Queanbeyan, New South Wales
New South Wales
Queanbeyan photographed from the air.
|• Density:||210/km² (543.9/sq mi)|
|Elevation:||576 m (1,890 ft)|
|Area:||173 km² (66.8 sq mi)|
• Summer (DST)
|Location:||10 km (6 mi) from Canberra|
|LGA:||Queanbeyan City Council|
Queanbeyan is a city in New South Wales, Australia. It is also the local government area called Queanbeyan City Council. It is very close to the Australian federal capital city of Canberra. It is really now a part of the capital city as it is on the Australian Capital Territory border and is only 10 km (6 mi) from Canberra's CBD. The border itself is marked by a railway line. The Queanbeyan River flows through Queanbeyan, near the centre of the city.
History[change | change source]
Queanbeyan became a township in 1838. There were about 50 people living there. Some of the important historic buildings still standing were built in the early days. Traces of gold were found in 1851. There were also some lead and silver mines. Settlers were often robbed by bushrangers including John Tennant, Jacky Jacky, Frank Gardiner and Ben Hall. In 1836, the government built a Post Office at Queanbeyan. 
The first bank was opened in Queanbeyan on 19 September, 1859. This was the Commercial Banking Company of Sydney Limited which is now part of the National Australia Bank. The Golden Age now called The Queanbeyan Age was Queanbeyan's first newspaper started in 1860 by John Gale. In 1880 John James Wright, the first mayor of Queanbeyan, built a house on the banks of the Queanbeyan River. In 1982 house became the Queanbeyan Art Centre.
The railway reached Queanbeyan railway station in 1887 and it became the junction for the lines going to Canberra and Bombala. There are now two trains a day, the Countrylink Xplorer service between Canberra and Sydney.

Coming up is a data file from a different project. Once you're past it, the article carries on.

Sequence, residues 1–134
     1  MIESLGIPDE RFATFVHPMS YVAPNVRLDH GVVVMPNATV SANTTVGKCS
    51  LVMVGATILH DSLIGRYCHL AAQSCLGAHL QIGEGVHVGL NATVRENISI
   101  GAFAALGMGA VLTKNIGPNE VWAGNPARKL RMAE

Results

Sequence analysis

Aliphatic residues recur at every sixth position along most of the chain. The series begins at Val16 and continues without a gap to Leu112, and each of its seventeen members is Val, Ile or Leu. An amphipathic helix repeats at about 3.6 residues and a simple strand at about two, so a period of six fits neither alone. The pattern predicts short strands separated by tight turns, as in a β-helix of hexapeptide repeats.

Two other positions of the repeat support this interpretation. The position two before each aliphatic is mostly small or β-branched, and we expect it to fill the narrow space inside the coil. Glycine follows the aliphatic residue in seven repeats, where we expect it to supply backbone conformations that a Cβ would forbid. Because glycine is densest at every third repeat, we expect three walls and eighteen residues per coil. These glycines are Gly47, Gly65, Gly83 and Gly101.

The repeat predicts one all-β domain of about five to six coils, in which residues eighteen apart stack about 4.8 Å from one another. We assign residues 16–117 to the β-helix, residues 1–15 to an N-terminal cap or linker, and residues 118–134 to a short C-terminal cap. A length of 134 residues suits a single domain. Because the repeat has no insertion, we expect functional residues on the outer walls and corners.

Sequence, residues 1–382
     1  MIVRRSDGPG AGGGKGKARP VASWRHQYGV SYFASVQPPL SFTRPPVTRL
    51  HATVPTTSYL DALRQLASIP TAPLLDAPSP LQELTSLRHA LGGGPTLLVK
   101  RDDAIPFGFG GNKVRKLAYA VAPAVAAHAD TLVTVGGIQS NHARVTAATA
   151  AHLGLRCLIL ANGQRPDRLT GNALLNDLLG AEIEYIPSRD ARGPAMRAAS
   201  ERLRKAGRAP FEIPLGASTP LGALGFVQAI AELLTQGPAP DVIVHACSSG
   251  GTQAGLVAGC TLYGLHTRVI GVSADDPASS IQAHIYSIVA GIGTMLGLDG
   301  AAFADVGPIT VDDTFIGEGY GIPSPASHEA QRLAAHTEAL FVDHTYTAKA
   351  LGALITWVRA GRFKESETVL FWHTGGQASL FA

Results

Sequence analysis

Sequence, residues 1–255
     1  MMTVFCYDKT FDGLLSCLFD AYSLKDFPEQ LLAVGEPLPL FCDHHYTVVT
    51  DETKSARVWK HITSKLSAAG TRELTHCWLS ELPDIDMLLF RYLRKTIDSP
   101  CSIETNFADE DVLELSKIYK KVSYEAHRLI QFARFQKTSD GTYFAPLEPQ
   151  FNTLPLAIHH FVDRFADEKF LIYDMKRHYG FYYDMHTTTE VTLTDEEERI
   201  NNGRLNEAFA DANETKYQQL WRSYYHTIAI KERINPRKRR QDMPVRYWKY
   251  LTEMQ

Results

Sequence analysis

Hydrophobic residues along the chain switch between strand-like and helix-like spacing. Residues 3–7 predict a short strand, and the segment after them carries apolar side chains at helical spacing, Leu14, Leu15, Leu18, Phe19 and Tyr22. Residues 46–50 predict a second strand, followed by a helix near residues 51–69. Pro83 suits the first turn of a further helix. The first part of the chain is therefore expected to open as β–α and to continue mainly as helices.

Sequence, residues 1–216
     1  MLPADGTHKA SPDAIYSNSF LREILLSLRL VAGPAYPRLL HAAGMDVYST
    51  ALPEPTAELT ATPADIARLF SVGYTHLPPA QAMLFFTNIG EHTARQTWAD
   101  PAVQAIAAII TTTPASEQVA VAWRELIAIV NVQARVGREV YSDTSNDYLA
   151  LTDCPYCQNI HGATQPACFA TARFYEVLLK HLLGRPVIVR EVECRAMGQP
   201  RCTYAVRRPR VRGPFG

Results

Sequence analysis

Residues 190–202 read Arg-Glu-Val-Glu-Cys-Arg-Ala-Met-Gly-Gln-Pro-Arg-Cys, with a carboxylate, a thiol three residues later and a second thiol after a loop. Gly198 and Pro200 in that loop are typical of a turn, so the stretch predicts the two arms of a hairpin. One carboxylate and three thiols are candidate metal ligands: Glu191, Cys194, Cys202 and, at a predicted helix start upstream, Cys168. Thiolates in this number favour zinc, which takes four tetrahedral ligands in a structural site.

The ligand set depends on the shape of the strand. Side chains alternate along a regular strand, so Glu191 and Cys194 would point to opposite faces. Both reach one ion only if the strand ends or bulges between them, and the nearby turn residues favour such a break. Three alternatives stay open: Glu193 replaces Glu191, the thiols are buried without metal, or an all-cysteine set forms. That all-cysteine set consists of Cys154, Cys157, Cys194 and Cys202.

Queanbeyan became an important country town, with 16 hotels and six flour mills powered by wind, water, horse and steam. Canberra was started as the national capital in 1911. There were no hotels, so people crossed the border to get a drink at Queanbeyan's hotels. When the Parliament moved to Canberra from Melbourne in 1926, Canberra got it's first hotel.
Notable residents[change | change source]
- David Campese - retired Wallaby winger
- Glen Lazarus - former Canberra Raiders, Brisbane Broncos and Melbourne Storm player, NSW representative
- Matt Giteau - Australian Wallaby player, Australia's highest ever paid domestic football player of any code, plays for Western Force
- Brent Kite - Australian NRL player
- Brad Haddin - Australian cricketer
- Matt Henjak - former Wallaby halfback, former player for the Western Force
- George Lazenby - movie star, famous as the second official James Bond 007, after Sean Connery
- Hau Latukefu - ARIA award-winning MC & triple j radio & TV presenter
- Heather McKay AM, MBE - Australian squash champion
- Megan Marcks (née Still) - Olympic women's (pairs) rowing gold medallist
- Tommy Murphy - award-winning playwright
- Mark Webber - Formula 1 driver for Red Bull Racing Winner 2009 German Grand Prix  
- Terry Campese - present Canberra Raiders and Kangaroo's player
- Ben Snow - Academy Award Nominee for Visual Effects 
Other websites[change | change source]
|Wikiquote has a collection of quotations related to: Queanbeyan, New South Wales|
|Wikimedia Commons has media related to: Queanbeyan, New South Wales|
References[change | change source]
- Australian Bureau of Statistics (25 October 2007). "Queanbeyan (C) (Statistical Local Area)". 2006 Census QuickStats. http://www.censusdata.abs.gov.au/ABSNavigation/prenav/LocationSearch?collection=Census&period=2006&areacode=145056470&producttype=QuickStats&breadcrumb=PL&action=401. Retrieved 2011-08-05.
- The Sydney Gazette and New South Wales Advertiser Tuesday 22 March 1836
- The Sunday Times Online Mark Webber: not your average F1 driver May 31,2009
- Official Results 2009 F1 German Grand Prix July 12, 2009
- ABC News Aussie chases visual effects Oscar Jan 23, 2009